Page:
I was ‘mummy’s little girl’ until…

Child, full time job, I was aggressive, It took time, mum, my time to shine, Secondary school, summer time,

casestudy-in1It all began when I moved to the UK. I was ‘mummy’s little girl’ until I started secondary school and saw how other children behaved towards each other.

I decided to copy them in order to fit in, but as time went by, it became who I was. I turned out to be a rebellious youth who brought a lot of trouble to my family. I was aggressive to my mum; I shouted at her and did anything to oppose her, just to annoy her. I hoped that way she would see that I was in control. In my reasoning, I felt that she never understood me and she never would, therefore, I had to set the rules my way for her to follow. I didn’t respect or fear her in any way, nor listened to what she had to say to me. Many times, I held her by the wrist or pushed her out of the way to stop her from hitting me. I stole from shops and other girls when I was with a group of friends. I also got into some fights at school.

Later on, I got involved in meaningless relationships with guys without having any feelings for them. From the age of 14/15, I went to parties without my mum’s consent and, even when she found out what I did, I still went, not caring if she knew the truth or not. I partied almost every weekend, and summer time felt like my time to shine (that was when I used to go to Portugal just to party). I didn’t care about the consequences of hurting my mum. I became a cold person with a tough exterior when, inside, I was sad, proud and full of resentment. I was a lost girl who looked for happiness in the wrong things.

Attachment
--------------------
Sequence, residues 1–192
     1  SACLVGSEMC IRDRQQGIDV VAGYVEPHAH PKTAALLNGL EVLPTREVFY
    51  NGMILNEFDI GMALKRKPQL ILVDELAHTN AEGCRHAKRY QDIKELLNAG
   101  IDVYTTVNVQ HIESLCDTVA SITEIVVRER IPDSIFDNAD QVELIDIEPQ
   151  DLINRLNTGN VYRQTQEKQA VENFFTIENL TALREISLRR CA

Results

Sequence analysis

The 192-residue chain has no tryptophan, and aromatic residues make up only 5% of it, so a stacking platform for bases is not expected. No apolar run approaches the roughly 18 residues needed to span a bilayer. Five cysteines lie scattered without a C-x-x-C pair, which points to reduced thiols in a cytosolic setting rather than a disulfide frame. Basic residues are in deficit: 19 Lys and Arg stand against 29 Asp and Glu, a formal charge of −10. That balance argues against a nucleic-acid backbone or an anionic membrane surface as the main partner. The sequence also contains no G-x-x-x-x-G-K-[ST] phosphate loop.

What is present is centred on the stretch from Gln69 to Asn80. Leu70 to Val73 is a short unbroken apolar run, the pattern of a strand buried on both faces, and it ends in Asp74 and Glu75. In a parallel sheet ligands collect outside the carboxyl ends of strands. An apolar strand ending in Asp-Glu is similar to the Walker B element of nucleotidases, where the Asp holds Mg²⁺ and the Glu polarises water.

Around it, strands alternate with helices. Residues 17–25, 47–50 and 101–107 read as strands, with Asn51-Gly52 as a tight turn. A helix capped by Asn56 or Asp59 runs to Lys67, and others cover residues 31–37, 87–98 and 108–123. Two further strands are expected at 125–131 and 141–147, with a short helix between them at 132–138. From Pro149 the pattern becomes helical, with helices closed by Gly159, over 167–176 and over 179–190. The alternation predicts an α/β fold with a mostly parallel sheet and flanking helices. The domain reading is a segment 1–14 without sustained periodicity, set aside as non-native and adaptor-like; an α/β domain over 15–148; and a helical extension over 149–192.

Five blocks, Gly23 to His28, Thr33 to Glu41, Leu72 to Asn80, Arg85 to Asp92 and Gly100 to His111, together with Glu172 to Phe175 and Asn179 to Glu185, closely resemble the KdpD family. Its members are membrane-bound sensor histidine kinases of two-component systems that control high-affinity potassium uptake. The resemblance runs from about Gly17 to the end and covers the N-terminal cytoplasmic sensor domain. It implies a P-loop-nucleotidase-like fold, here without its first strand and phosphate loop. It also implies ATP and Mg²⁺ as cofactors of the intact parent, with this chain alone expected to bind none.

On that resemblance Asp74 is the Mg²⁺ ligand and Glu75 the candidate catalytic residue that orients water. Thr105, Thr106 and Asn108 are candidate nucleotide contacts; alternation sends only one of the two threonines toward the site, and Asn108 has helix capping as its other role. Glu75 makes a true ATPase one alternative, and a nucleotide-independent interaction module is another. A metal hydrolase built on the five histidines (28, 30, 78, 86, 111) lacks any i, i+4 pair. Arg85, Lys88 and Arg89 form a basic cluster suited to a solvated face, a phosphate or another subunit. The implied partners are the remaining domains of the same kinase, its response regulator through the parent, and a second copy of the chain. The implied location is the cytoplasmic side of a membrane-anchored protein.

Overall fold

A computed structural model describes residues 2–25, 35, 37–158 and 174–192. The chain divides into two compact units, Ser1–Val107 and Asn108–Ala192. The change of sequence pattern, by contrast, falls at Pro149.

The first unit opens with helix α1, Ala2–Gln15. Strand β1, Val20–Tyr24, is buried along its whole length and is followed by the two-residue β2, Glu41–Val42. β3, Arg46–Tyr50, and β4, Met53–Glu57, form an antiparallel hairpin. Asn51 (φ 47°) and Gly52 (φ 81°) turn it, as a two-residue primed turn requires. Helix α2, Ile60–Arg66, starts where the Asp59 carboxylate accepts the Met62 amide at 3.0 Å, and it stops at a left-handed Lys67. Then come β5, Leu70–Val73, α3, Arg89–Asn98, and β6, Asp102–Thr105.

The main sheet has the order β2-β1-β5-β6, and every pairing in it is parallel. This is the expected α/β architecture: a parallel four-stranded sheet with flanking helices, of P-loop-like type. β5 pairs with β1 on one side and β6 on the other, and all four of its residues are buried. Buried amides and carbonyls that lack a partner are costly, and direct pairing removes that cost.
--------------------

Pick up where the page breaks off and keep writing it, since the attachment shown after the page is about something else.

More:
To be honest, I wanted to change but didn’t know how to, so I convinced myself that that was how my life was and I would never have a happy relationship with my mum. It was my burden to carry. Then, I was invited to the VYG—the best thing to ever happen to me. Hearing the messages gave me hope that there was a way out of it all. Not long afterwards, I was introduced to the Sunday, Wednesday and Friday meetings, which really helped me by giving me the guidance and strength I very much needed to fight for my life. It was not easy and things did not change overnight. It took time and effort for me to change, through the support I received from other young people like myself. They understood what I was going through and knew exactly where I was coming from.

Today, rebellion, sadness, pride and resentment are no longer inside of me because I gave God a chance to work in me, His way. It was hard, but definitely worth it. I am amazed at the changes in me, as I never thought I would attain the character, joy and calm mother-daughter relationship we have today. I have a full time job and I’m a pleasant, confident person. I’m also happily married, which has added to my joy.

Daise Koroma

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